We are currently exploring effects of such signaling on mutagenesis, as well as pursuing candidate molecules that relay signals from the basement membrane to the double-strand break repair machinery.


Symposium Abstract (2003)
Breast cells become cancerous when they no longer respond to signals that control their growth. Signals regulating cell growth come from both within the cells and from outside. Within the breast tissue, cells contact other cells as well as the scaffold material that surround the cells, called the extracellular matrix (ECM). Many tumors contain cells that have lost cell-ECM interactions. Such tumors also exhibit genomic instability e.g. cells are no longer able to transfer their genetic information with fidelity to the newly formed cells as they divide: they accumulate many mutations. One cellular process that affects genomic instability is DNA double-strand break repair (DSBR). Double-strand breaks are lesions in the DNA that need to be repaired, and if not repaired properly can lead to accumulation of genetic changes, or mutations, in the genome, e.g. to genomic instability. We proposed to study the effects of cell-ECM communication on DSBR during the progression of events that push normal breast cells to become tumors in a cell culture system that resembles human breast tissue.

We determined the effect of extracellular matrix signaling on double-strand break repair in normal, or non-cancerous, human breast cells by growing cells in the presence or absence of ECM and assaying for DSBR frequency and preferences. We found that addition of extracellular matrix to breast epithelial cells in culture decreases the frequency with which they repair a DSBR by homologous recombination, a form of DSBR repair that is mostly error-free. We observed this effect in both dividing and non-dividing cells. We also found that introducing DSBs to cells in the presence of ECM results in a lower frequency of survival than in the absence of ECM. These results provide the first observation that ECM signaling can influence DNA repair. In addition, we speculate that within the tissue, repair of double-strand break damage may be downregulated by cell-extracellular matrix interactions and that proper ECM signaling may be necessary to discard cells with badly damaged DNA.


Symposium Abstract (2005)
The ability to invade a basement membrane is a defining step of premalignant to malignant conversion in breast cancer. To delineate molecular alterations necessary for this transition, we utilized loss of differentiation in three-dimensional laminin-rich basement membrane (3DlrBM) cultures as a screening tool and isolated cell lines that have lost the ability to form organized acini but remain non-invasive. These cells displayed high potential for acquiring invasiveness, low frequency of non-invasive tumor formation in vivo, and similarities to premalignant lesions in vivo as shown by their patterns of genomic aberration and gene expression. Inhibiting matrix metalloproteinases and integrins that were upregulated in the malignant derivatives abrogated their invasiveness, implicating aberrant extracellular matrix signaling as a crucial step in the transition to malignancy.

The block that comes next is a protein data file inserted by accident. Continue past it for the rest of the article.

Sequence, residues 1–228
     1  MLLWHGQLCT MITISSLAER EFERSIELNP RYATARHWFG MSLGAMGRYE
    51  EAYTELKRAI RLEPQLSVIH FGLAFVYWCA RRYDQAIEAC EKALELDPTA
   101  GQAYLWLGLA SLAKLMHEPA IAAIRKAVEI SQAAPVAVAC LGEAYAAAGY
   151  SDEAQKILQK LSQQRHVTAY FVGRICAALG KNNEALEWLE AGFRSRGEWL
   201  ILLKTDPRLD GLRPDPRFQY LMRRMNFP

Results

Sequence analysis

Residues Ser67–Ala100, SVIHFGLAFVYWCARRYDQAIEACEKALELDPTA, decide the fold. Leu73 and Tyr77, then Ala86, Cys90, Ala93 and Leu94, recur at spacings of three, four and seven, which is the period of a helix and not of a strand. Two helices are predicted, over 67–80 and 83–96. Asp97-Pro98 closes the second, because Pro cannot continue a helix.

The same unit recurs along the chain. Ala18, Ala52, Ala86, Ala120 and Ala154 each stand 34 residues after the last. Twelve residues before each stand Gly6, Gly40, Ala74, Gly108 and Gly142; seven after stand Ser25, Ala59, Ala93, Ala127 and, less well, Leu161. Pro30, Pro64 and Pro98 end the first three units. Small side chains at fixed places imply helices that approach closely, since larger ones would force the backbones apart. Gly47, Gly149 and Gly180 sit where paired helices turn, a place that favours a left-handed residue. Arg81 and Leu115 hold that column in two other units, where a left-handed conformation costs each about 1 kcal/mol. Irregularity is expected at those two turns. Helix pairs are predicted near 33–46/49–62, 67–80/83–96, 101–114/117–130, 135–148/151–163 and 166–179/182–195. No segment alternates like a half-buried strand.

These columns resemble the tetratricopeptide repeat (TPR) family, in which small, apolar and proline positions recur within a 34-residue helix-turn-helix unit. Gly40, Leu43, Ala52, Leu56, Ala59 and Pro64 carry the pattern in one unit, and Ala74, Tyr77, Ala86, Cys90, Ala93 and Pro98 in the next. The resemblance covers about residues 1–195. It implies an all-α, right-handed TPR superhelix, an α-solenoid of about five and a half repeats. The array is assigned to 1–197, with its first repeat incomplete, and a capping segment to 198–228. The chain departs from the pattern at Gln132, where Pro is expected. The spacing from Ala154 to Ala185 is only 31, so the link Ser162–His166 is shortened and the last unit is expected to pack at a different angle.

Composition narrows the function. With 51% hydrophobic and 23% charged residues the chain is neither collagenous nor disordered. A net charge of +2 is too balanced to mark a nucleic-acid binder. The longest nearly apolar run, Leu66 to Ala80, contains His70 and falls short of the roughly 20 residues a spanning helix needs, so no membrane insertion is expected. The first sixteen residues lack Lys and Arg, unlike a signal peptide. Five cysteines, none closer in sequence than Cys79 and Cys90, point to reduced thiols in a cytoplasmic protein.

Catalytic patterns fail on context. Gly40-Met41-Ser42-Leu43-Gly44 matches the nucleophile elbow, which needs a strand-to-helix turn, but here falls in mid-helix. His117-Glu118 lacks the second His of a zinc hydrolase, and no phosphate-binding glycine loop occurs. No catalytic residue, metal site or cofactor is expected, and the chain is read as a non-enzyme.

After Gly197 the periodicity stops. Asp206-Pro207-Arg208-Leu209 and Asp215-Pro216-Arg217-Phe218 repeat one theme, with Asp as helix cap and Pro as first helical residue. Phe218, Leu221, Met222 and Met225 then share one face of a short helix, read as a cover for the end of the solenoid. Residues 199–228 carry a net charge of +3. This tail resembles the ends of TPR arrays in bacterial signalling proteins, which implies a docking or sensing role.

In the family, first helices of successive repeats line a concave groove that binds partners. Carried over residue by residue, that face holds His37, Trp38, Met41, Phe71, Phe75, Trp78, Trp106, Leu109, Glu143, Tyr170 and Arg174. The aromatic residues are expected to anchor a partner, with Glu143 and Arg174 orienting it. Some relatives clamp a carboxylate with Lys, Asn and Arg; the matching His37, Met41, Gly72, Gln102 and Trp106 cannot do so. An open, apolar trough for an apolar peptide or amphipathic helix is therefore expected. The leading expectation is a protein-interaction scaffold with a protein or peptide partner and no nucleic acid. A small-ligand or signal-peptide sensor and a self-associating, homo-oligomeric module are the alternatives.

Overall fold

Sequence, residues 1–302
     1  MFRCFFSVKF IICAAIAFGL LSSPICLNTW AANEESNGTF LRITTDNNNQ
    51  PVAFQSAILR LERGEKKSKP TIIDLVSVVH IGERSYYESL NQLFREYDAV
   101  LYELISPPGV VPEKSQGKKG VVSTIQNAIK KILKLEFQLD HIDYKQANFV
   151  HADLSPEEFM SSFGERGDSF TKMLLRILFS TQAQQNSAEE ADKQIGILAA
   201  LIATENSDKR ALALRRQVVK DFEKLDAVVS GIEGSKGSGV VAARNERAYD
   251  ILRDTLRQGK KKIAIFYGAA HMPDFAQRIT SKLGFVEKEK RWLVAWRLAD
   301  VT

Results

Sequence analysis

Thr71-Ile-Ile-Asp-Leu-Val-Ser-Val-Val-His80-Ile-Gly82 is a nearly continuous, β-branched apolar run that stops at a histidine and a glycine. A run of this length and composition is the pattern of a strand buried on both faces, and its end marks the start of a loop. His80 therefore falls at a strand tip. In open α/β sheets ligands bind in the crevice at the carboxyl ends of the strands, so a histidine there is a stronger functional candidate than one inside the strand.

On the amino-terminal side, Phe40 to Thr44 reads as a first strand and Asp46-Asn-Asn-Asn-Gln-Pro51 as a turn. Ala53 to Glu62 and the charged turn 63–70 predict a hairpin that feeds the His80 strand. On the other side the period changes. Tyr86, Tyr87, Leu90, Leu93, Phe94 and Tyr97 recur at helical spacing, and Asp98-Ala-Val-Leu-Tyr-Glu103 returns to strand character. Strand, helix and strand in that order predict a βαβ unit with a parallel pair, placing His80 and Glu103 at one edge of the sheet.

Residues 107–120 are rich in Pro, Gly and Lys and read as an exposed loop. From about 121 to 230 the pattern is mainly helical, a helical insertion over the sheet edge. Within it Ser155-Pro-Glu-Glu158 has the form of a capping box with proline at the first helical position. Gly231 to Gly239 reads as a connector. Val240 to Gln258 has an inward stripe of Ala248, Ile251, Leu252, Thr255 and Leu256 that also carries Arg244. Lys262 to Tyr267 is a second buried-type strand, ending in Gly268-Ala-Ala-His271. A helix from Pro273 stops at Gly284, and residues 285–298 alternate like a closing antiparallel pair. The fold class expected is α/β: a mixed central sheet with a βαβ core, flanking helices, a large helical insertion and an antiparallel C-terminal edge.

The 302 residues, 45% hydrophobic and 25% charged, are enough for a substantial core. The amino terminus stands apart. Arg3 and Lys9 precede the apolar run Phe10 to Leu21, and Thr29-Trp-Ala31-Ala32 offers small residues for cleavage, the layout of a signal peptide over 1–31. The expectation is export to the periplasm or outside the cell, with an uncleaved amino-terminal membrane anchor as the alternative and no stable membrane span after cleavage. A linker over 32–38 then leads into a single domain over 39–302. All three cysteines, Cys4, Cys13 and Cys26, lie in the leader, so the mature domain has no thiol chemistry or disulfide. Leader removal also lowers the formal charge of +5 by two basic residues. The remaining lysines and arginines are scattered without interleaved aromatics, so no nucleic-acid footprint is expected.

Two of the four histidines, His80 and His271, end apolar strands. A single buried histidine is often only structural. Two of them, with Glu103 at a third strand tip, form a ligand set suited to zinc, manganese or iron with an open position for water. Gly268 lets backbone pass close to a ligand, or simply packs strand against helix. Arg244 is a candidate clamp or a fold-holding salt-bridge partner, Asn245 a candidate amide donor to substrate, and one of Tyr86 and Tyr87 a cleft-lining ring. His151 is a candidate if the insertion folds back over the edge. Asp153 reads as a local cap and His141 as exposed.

In addition to alterations in extracellular matrix signaling, genomic instability is a hallmark of most breast cancers. One cause of genomic instability is altered double-strand break (DSB) repair. DSBs can be repaired either by homologous recombination or non-homologous end-joining (NHEJ). Here we showed that lrBM signals to downregulate HR of an I-SceI induced DSB in non-tumorigenic breast epithelial cells. Blocking β1 integrin stimulated HR and stimulating β1 integrin downregulated HR. Kinetics of overall induction or repair of breaks induced by 40Gy IR was not significantly affected by lrBM as measured by PFGE, however, kinetics of γ-H2AX foci formation after 3 or 6Gy IR is significantly altered by lrBM. Clonogenic survival after 3, 6, or 10 Gy IR was either enhanced or inhibited by lrBM, depending on the growth and polarity of cells. These results implicate extracellular matrix signaling as a modifier of cellular response to radiation therapy in breast cancer via effects on DNA repair.

Defects in mismatch repair promote telomerase-independent proliferation.
Periodical:Nature
Index Medicus: Nature
Authors: Rizki A, Lundblad V
Yr: 2001 Vol: 411 Nbr: Abs: Pg:713-6

The organizing principle: microenvironmental influences in the normal and malignant breast.
Periodical:Differentiation
Index Medicus: Differentiation
Authors: Bissell MJ, Radisky DC, Rizki A, Weaver VM, Petersen OW
Yr: 2002 Vol: 70 Nbr: Abs: Pg:537-46

Simultaneous classification and relevant feature identification in high-dimensional spaces: application to molecular profiling data.
Periodical:Signal Processing
Index Medicus: Signal Processing
Authors: Kenny PA, Rizki A
Yr: 2003 Vol: 83 Nbr: Abs: Pg:729-743

Meeting report. 42nd Annual Meeting of the Am. Soc. for Cell Biology, San Francisco, CA, December 14-18, 2002.
Periodical:Signal Processing
Index Medicus: Signal Processing
Authors: Kenny PA, Rizki A
Yr: 2003 Vol: 5 Nbr: Abs: Pg:147-153